# Prove that $\phi (p-1) \leq (p-1)/2$, where $p\geq 3$ is a prime

Prove that $$\phi (p-1) \leq (p-1)/2$$, where $$p\geq 3$$ is a prime

My idea:

We know that $$\phi (p^k) = p^{k-1} (p-1)$$. Then to use the $$\phi$$ is multiplicative. now I have $$\phi (p-1)$$ in my hand, but then how to complete? could anyone help me, please?

Edit:
OP didn't check for $$p=2$$, the only prime where above $$\phi (p-1) \leq (p-1)/2$$ holds to fail.

Note that for every $$p\geq 3$$, $$(p-1)$$ is an even number.
Therefore, by fundamental Theorem of Arithmetic, it will have a unique factorization which contains $$2^i$$, $$i\geq 1$$.

Now, Note that $$\phi(2^i)=2^{i-1}\text{ or }\phi(2^i)=\frac{2^i}{2}$$.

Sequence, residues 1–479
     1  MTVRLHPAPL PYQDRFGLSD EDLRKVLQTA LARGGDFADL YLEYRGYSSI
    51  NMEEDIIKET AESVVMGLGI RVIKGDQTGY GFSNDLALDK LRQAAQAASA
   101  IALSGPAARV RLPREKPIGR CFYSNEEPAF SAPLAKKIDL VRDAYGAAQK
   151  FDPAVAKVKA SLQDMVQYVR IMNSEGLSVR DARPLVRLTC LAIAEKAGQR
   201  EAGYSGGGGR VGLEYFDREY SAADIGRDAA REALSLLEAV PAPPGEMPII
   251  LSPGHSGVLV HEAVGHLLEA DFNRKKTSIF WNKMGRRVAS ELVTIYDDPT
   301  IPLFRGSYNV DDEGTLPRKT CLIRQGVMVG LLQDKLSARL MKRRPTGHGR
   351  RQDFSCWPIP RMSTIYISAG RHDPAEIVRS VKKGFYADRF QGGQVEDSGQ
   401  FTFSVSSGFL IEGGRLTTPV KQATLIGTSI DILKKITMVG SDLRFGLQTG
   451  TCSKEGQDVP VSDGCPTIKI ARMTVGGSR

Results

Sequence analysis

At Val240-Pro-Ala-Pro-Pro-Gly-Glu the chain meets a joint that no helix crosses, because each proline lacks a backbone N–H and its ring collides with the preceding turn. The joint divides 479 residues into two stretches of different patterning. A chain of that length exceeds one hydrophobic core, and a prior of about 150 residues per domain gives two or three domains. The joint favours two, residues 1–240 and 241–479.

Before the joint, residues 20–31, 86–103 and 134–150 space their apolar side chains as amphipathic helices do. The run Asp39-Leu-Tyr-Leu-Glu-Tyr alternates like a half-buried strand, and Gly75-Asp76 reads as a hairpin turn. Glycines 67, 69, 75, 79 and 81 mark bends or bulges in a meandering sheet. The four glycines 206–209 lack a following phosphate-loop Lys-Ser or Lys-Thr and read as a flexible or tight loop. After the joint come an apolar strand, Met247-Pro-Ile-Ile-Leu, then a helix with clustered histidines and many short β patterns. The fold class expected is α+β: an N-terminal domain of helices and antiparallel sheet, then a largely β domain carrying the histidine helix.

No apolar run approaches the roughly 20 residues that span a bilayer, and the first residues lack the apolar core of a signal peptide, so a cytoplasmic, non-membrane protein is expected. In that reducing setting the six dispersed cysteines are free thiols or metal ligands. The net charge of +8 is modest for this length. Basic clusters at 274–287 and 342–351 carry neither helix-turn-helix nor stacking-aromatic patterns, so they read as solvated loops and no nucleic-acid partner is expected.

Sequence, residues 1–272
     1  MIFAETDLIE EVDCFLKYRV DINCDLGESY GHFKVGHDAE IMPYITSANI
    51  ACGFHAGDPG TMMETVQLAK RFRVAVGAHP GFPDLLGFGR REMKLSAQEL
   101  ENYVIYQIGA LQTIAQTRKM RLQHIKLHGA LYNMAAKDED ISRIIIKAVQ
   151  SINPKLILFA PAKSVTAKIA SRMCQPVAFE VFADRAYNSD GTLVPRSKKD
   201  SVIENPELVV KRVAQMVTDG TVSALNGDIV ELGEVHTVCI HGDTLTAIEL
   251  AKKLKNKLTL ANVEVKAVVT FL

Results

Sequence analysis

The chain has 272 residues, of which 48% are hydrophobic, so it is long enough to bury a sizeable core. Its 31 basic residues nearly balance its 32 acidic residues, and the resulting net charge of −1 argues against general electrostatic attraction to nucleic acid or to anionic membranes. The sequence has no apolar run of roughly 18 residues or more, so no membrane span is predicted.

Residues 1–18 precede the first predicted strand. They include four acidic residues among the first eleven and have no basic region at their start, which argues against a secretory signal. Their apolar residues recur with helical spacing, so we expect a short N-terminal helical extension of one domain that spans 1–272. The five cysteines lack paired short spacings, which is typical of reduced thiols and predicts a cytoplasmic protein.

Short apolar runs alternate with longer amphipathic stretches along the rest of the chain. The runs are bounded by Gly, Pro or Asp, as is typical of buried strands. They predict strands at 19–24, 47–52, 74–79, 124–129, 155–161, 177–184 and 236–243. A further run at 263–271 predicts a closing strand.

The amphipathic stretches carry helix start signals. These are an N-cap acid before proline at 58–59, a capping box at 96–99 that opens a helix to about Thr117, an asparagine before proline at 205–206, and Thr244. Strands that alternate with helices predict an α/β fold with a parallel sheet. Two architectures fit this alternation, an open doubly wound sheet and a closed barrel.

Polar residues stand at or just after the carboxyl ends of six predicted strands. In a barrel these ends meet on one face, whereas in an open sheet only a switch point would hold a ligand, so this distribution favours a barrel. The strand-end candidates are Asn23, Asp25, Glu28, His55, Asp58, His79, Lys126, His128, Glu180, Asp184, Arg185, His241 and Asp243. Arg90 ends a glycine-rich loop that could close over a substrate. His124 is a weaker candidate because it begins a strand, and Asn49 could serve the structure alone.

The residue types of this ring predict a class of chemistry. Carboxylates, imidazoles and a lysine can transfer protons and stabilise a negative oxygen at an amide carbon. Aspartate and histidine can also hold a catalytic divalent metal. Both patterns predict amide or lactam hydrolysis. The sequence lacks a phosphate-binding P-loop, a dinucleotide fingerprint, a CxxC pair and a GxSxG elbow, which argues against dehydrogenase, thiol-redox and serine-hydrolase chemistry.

Therefore, using multipicative nature of $$\phi$$, we have $$\phi(p-1)=\phi(2^i)\phi(\frac{p-1}{2^i}) \leq \frac{p-1}{2}$$ Case $$1$$ : $$(p-1)$$ is an exact power of $$2$$ i.e. $$\frac{p-1}{2^i}=1$$

$$\phi(p-1)=\phi(2^i)\phi(1) = \frac{p-1}{2}$$ Case $$2$$ : $$\frac{p-1}{2^i}=p_{1}^{\alpha_{1}}p_{2}^{\alpha_{2}}...p_{n}^{\alpha_{n}}$$, where $$p_{j}\geq 3$$ $$\forall j=1,2,...,n$$ and $$\alpha_{j}\geq 0$$ $$\forall j=1,2,...,n$$ and alteast one of $$\alpha_{j}\geq 1$$. $$\phi(\frac{p-1}{2^i})=\phi(p_{1}^{\alpha_{1}}p_{2}^{\alpha_{2}}...p_{n}^{\alpha_{n}})=\phi(p_{1}^{\alpha_{1}})\phi(p_{2}^{\alpha_{2}})...\phi(p_{n}^{\alpha_{n}}) < \frac{p-1}{2^i}$$

Now, Can you complete Case $$2$$ and combine it with Case $$1$$ to get the desired answer?

Note: I have used the convention, $$\phi(1)=1$$.

Hint:

Two even numbers can't be coprime.

• Then what is next? Jun 25, 2019 at 1:46

Hint: If $$p$$ is odd, then $$p-1$$ is even. If $$p$$ is even, then $$p=2$$ and $$\phi(1)$$ is defined to be $$1$$ by convention and so exceeds $$1/2$$.

• Thank you for clarifying this case Jun 25, 2019 at 2:05